appellant’s statements
during 20 years of receiving medical care for headaches that the headaches
began in 1980, and thus
did not have a nexus to the appellant’s military service, were more
credible than the submitted lay
statements alleging that the headaches began while the appellant was in
service. R. at 13. The
Board likewise found that the evidence weighed against a finding that the
appellant was hospitalized
in Korea. Id. These findings are supported by the record, and thus the
Board’s weighing of the
evidence is not clearly erroneous. Therefore, the Court will affirm the
Board’s decision regarding
the appellant’s entitlement to service connection for headaches.
C. Depression
The Secretary concedes that the claim for entitlement to service
connection for a depressive
disordershouldberemandedbecausetheBoard’snexusdiscussion lacked adequate
reasons or bases.
Secretary’s Br. at 11.
The Board found that the appellant had a current diagnosis of depression,
but denied service
connection due to a lack of evidence indicating a nexus with service. R.
at 11-12. However, the
Board relied on a March 2004 VA examiner’s report opining that the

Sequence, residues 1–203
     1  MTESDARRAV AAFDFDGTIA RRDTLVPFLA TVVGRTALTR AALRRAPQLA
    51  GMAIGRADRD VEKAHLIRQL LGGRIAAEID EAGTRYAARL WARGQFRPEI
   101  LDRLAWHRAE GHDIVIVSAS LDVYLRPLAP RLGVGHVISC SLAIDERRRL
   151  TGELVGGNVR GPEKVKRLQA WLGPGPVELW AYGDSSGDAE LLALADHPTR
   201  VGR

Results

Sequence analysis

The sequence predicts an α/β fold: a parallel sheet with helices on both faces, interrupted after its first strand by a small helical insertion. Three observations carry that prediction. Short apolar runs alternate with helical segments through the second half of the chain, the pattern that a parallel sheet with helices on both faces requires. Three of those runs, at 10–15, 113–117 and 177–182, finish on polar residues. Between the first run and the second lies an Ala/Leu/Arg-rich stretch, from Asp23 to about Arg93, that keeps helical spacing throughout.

appellant’s depression was not
related to service. R. at 12, 762. The Board gave greater weight to this
opinion than to the private
opinions in the record because the VA report “was based on an independent
and thorough review
of [the appellant’s] entire medical history.” R. at 12. However, as noted
by the Secretary, the VA
report indicates that the examiner did not have access to the appellant’s
claim’s file. R. at 762.
Therefore, the Board’s statement of reasons or bases is inadequate and the
matter should be
remanded. See 38 U.S.C. § 7104(d)(1); Allday v. Brown, 7 Vet.App. 517,
527 (1995); Gilbert v.
Derwinski, 1 Vet.App. 49, 56-57 (1990).

After consideration of the appellant’s and the Secretary’s briefs, and a review of the record, the Board’s December 29, 2009, decision is VACATED as to the appellant’s claim for entitlement to service connection for a depressive disorder and that matter is REMANDED to the Board for further proceedings consistent with this decision. The Board decision is otherwise AFFIRMED.
DATED: November 8, 2011
Copies to:
Danny R. Keaton
VA General Counsel (027)